I would like to use a global set of flags for compiling a project, meaning that at my top-level CMakeLists.txt file I have specified:

ADD_DEFINITIONS ( -Wall -Weffc++ -pedantic -std=c++0x )

However, for a specific file (let's say "foo.cpp") in a subdirectory, I want to switch the compile flags to not apply -Weffc++ (included commercial library I cannot change). To simplify the situation to use only -Wall, I tried:

 ADD_EXECUTABLE( foo foo.cpp )

, which did not work. I also tried

ADD_EXECUTABLE( foo foo.cpp )


ADD_EXECUTABLE( foo foo.cpp )

, in which neither worked.

Finally, I tried removing this defintion:

ADD_EXECUTABLE( foo foo.cpp )

, which also did not work (meaning, I get a lot of style warnings about the commercial library). (**Note: The warnings ARE suppressed if I DO NOT re-include the -Weffc++ directive after the executable is built.)

I also tried temporarily removing the compile flags: http://www.cmake.org/pipermail/cmake/2007-June/014614.html , but that didn't help.

Is there not an elegant solution to this?

  • 1
    Wait, if your last attempt works, but only after it's built, might this not be a caching issue? Try deleting CMakeCache after making your change(s). – Cameron Nov 30 '12 at 4:44
  • Related, see How to change a compiler flag for just one executable in CMake? Andre's answer shows what appears to be a way to replace existing options with new options. – jww Aug 23 '17 at 9:12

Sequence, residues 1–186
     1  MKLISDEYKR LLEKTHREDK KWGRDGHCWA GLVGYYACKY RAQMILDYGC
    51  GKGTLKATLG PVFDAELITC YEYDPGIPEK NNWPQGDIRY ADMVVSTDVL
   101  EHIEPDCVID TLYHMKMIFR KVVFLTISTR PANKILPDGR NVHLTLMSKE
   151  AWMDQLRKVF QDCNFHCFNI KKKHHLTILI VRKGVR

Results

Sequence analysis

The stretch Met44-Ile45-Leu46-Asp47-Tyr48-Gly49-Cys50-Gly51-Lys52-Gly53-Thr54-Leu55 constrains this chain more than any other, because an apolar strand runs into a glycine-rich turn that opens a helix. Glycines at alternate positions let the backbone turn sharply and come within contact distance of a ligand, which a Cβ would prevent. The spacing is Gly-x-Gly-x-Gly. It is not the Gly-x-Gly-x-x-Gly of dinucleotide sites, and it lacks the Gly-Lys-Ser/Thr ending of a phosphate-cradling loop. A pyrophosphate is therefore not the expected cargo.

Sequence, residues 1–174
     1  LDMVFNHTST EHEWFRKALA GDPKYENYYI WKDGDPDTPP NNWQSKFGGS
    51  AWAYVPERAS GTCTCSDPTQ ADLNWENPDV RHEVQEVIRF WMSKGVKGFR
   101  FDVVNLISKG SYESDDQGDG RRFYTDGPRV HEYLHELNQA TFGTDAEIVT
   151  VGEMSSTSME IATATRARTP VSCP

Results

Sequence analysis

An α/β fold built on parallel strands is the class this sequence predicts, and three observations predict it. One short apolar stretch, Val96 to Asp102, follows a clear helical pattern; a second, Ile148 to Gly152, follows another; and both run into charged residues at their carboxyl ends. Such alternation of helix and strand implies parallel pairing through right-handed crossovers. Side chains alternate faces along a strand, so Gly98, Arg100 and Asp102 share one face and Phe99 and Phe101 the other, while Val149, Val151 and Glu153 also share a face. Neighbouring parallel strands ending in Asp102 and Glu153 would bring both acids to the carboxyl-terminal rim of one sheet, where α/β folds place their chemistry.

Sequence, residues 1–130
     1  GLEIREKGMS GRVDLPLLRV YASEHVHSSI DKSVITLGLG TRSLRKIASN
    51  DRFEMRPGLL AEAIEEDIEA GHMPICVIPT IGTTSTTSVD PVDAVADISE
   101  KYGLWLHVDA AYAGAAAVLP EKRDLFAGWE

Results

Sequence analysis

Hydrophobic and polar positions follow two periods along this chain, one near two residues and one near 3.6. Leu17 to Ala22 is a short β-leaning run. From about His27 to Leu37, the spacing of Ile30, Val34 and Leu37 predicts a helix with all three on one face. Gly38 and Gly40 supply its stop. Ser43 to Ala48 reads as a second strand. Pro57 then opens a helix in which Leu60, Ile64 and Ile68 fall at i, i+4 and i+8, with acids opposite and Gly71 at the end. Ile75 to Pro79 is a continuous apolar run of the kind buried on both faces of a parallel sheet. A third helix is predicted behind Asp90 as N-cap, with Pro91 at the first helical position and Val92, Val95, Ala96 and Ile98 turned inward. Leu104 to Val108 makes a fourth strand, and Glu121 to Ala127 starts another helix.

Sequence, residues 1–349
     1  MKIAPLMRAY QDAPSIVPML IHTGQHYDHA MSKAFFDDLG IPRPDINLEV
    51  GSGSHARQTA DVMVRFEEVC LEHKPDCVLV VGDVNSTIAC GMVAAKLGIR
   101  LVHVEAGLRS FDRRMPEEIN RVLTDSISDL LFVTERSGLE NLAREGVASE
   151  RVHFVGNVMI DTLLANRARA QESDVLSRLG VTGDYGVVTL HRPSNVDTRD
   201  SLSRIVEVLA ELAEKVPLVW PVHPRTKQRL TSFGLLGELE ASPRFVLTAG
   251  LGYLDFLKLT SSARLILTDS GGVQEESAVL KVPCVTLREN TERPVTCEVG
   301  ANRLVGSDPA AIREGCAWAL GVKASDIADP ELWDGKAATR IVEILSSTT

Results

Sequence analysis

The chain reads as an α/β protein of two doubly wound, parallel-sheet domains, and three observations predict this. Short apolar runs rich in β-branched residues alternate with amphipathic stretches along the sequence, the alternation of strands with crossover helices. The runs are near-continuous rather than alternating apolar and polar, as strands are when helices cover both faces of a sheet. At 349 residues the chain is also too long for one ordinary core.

Your attempts above are adding further flags to your file/target rather than overwriting as you seem to expect. For example, from the docs for Properties on Source Files - COMPILE_FLAGS:

These flags will be added to the list of compile flags when this source file builds.

You should be able to countermand the -Weffc++ flag for foo.cpp by doing

set_source_files_properties(foo.cpp PROPERTIES COMPILE_FLAGS -Wno-effc++)

This should have the effect of adding -Wno-effc++ after -Weffc++ in the compiler command, and the latter setting wins. To see the full command and check that this is indeed the case, you can do

make VERBOSE=1

As an aside, one of the maintainers of the GNU C++ Standard Library presents a pretty negative opinion on -Weffc++ in this answer.

Another point is that you're misusing add_definitions in the sense that you're using this for compiler flags rather than the intended preprocessor definitions.

It would be preferable to use add_compile_options

add_compile_options(-Wall -Weffc++ -pedantic -std=c++0x)

or for CMake versions < 3.0 to do something more like:

set(CMAKE_CXX_FLAGS "${CMAKE_CXX_FLAGS} -Wall -Weffc++ -pedantic -std=c++0x")

In response to further questions in the comments below, I believe it's impossible to reliably remove a flag on a single file. The reason is that for any given source file, it has the COMPILE_OPTIONS and COMPILE_FLAGS1 of its target applied, but these don't show up in any of the properties for that source file.

You could look at stripping the problem flag from the target's COMPILE_OPTIONS, then applying it to each of the target's sources individually, omitting it from the specific source file as required.

However, while this could work in many scenarios, it has a couple of problems.